Flu Shots Worked Better than Earlier Reports
New influenza vaccine effectiveness data presented at the U.S. CDC’s June 22, 2022 meeting of the Advisory Committee on Immunization Practices (ACIP) show flu shots worked better during 2021 - 2022 than initially reported.
Published on June 23, 2022, this ACIP data shows flu shots reduced the risk of influenza illness by about 35% among vaccinated people.
Data from October 4, 2021, through April 30, 2022, showed that flu vaccines reduced people’s risk of mild to moderate flu illness caused by H3N2 flu viruses—the most common flu viruses this season—by about one-third overall.
The CDC’s early-season vaccine effectiveness estimates released in March 2022 were not statistically significant, suggesting vaccination did not offer benefits in reducing the risk of mild to moderate flu illness.
The early data underestimated how well flu vaccines worked during the 2021-2022 flu season because of the small sample size and biases due to COVID-19.
However, more data have since become available, and CDC has corrected for COVID-19 bias by excluding patients with COVID-19 illness from the comparison group.
These updated estimates are similar to what has been seen during past H3N2-predominant seasons and align with initial agency expectations based on laboratory data.
However, estimates of how well the flu vaccine protects against serious outcomes like hospitalization and ICU admission are pending.
Also, at the meeting, ACIP voted in favor of a preferential recommendation for certain flu vaccines over others for adults 65 years and older in the United States.
The ACIP voted to preferentially recommend higher-dose flu vaccines (Fluzone High-Dose vaccine and Flublok recombinant vaccine) or adjuvanted flu vaccine (Fluad vaccine) over standard-dose unadjuvanted flu vaccines.
And if one of these vaccines is unavailable at the time of administration, people in this age group should get a standard-dose flu vaccine instead.
This recommendation was based on a review of available studies, which suggests that, in this age group, these vaccines are potentially more effective than standard-dose unadjuvanted flu vaccines.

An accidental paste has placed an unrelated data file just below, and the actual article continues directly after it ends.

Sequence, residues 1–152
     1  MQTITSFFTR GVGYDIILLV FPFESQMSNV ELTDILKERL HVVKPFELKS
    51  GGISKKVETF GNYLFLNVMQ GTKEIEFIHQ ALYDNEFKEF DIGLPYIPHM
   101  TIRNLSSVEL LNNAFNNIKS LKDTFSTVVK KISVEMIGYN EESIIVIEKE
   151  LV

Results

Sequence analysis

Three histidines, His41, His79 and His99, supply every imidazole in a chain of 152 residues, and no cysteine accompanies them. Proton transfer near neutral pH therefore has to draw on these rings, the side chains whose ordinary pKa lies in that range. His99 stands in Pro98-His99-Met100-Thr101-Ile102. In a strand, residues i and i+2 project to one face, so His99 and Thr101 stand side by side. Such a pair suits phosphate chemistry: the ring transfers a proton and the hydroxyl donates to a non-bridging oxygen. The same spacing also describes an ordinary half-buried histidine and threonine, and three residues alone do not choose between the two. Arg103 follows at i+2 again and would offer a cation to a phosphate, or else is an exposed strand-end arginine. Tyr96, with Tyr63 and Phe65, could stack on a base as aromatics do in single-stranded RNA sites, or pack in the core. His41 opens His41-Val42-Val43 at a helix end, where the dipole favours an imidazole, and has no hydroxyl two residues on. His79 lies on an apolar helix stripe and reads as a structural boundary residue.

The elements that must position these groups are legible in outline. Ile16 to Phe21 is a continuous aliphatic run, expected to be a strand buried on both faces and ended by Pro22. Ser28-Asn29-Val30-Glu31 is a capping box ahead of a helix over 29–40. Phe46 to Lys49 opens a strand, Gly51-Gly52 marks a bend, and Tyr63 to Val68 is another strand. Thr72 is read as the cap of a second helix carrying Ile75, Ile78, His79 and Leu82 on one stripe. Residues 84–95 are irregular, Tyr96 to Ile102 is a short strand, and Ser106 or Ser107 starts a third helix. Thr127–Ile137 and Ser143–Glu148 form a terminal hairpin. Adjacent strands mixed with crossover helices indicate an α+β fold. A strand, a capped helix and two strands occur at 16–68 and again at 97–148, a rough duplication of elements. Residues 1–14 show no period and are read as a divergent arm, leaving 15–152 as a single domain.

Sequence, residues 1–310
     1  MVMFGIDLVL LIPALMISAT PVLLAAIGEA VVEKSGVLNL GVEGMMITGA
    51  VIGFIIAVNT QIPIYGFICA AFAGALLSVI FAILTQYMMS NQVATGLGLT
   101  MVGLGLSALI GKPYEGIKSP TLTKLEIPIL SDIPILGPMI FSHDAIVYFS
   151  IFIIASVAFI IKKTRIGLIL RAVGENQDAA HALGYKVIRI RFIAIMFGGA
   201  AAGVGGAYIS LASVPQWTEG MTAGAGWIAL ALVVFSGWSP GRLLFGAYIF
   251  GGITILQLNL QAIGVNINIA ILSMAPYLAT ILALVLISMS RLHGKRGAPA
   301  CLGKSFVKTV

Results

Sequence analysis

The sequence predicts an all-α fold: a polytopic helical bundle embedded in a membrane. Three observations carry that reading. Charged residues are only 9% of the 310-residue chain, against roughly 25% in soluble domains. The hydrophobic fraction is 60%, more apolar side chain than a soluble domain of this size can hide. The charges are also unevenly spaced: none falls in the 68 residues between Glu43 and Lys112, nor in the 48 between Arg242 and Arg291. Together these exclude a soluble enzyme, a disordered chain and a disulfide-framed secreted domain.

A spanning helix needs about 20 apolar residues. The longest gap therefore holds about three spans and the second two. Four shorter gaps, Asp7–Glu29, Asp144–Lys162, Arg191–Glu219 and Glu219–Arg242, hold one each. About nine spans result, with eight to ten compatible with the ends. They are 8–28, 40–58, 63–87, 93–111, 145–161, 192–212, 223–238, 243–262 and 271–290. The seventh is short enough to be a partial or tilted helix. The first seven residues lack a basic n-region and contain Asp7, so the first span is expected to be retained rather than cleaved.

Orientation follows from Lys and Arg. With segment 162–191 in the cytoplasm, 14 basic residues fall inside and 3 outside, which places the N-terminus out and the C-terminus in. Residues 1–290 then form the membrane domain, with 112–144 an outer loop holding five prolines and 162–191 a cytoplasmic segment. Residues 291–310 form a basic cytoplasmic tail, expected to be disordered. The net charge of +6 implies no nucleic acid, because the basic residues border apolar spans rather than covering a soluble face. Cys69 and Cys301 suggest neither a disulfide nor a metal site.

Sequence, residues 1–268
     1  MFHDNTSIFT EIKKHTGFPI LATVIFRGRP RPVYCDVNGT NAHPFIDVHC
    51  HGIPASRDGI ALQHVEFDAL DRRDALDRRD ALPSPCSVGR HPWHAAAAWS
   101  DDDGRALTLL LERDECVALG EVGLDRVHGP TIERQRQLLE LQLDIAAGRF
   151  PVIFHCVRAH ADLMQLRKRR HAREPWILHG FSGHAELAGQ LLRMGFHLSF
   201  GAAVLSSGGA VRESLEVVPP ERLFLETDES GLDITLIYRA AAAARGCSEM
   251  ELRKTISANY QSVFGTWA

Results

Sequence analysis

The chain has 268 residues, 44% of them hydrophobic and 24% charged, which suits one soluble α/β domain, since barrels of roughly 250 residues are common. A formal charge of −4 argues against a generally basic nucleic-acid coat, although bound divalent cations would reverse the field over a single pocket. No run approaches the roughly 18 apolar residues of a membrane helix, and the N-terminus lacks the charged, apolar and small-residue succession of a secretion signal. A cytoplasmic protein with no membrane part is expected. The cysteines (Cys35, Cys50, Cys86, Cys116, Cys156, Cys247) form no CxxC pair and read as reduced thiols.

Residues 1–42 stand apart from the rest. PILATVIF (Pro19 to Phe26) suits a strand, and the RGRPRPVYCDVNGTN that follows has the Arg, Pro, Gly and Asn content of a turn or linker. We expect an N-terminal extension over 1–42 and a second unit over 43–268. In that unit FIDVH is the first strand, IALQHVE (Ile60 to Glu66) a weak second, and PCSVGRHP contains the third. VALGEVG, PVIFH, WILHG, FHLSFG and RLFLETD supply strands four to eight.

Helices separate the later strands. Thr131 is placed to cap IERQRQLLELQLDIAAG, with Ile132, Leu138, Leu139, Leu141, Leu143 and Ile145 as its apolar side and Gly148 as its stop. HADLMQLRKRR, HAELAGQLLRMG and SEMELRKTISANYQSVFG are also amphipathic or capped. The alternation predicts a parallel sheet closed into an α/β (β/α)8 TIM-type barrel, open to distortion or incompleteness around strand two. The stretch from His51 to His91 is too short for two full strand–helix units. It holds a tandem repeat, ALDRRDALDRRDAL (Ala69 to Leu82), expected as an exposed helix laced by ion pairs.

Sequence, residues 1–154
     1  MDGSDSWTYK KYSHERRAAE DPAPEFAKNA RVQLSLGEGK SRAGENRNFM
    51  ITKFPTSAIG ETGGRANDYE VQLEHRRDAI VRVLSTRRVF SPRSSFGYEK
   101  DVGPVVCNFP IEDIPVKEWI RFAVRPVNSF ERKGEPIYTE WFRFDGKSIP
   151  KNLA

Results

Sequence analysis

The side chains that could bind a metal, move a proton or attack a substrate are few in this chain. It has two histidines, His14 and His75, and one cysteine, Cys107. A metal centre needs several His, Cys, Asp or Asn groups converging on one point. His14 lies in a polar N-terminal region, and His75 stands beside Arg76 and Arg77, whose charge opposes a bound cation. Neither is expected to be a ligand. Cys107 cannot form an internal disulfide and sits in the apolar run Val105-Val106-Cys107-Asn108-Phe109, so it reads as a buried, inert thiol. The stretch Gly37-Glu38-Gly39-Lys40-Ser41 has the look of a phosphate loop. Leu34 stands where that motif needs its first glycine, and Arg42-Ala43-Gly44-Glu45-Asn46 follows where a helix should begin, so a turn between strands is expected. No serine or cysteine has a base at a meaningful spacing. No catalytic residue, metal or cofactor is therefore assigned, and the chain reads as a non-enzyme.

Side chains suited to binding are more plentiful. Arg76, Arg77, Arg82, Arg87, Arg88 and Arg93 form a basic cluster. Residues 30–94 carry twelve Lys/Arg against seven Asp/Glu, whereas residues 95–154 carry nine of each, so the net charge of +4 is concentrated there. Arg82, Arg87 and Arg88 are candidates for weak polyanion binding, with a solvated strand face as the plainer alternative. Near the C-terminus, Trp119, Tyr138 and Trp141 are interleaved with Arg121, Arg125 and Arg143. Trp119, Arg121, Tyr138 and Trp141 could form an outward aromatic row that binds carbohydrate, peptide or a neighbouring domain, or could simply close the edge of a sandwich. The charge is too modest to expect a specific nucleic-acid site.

In recent years, CDC has not recommended any flu vaccine over another for any age group, and there is still no preferential recommendation for people younger than 65. However, CDC and ACIP will continue to review data on the comparative effectiveness of flu vaccines in different age groups as more information becomes available.
The CDC confirmed on June 22, 2022, that 2022–2023 Northern Hemisphere influenza vaccines would include updated reference viruses for A(H3N2) (clade 3C.2a1b, subclade 2a.2) and B/Victoria (B/Austria/1359417/2021).
More information on the U.S. vaccines with a preferential recommendation for older adults:
- Fluzone High-Dose Quadrivalent is an inactivated influenza vaccine for people 65 years and older. It contains four times the antigen, the part of the vaccine that helps the body build up protection against flu viruses, compared to standard-dose inactivated flu vaccines. The higher antigen dose is intended to give people 65 years and older a better immune response to vaccination and, therefore, better protection against flu.
- Fluad Quadrivalent is an adjuvanted inactivated influenza vaccine approved for use in people 65 years and older. It contains the same amount of antigen as other standard-dose inactivated flu vaccines plus MF59 adjuvant. The adjuvant is intended to give people 65 years and older a better immune response to vaccination and, therefore, better protection against flu.
- Flublok Quadrivalent is a recombinant protein influenza vaccine for people 18 years and older. It is made using different production technology than the inactivated influenza vaccines and contains three times the antigen dose compared with standard-dose inactivated flu vaccines. The higher antigen dose is intended to give people 65 years and older a better immune response to vaccination and, therefore, better protection against flu.
The U.S. CDC published updated influenza vaccine schedules for 2022 on Feb. 17, 2022. The CDC continues to suggest that everyone six months and older should get an annual flu vaccine to protect against flu and its potentially serious complications.
This is especially true for people at higher risk of developing serious flu complications, including people 65 years and older, pregnant people, young children, and people with certain chronic medical conditions.
Unfortunately, flu vaccination coverage for children six months to 17 years has been about 2% points lower this season as compared with last season (55.3% compared to 57.3%)
If you have questions about which influenza vaccine is best for you, talk to your doctor, pharmacist, or other healthcare professional.
Additional influenza vaccine news is posted at PrecisionVaccinations.com/Flu.
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